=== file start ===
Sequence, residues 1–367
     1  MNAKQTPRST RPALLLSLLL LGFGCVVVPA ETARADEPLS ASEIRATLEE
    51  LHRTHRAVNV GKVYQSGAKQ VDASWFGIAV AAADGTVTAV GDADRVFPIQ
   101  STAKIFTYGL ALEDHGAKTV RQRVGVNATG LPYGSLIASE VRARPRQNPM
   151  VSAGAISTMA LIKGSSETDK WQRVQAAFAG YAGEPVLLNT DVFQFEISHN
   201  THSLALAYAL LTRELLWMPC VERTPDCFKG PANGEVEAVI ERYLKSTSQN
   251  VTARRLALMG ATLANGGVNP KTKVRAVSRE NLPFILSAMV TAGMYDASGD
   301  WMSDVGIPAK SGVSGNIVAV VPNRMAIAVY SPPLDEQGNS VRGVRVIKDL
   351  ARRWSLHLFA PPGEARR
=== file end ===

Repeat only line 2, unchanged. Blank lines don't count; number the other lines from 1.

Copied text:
     1  MNAKQTPRST RPALLLSLLL LGFGCVVVPA ETARADEPLS ASEIRATLEE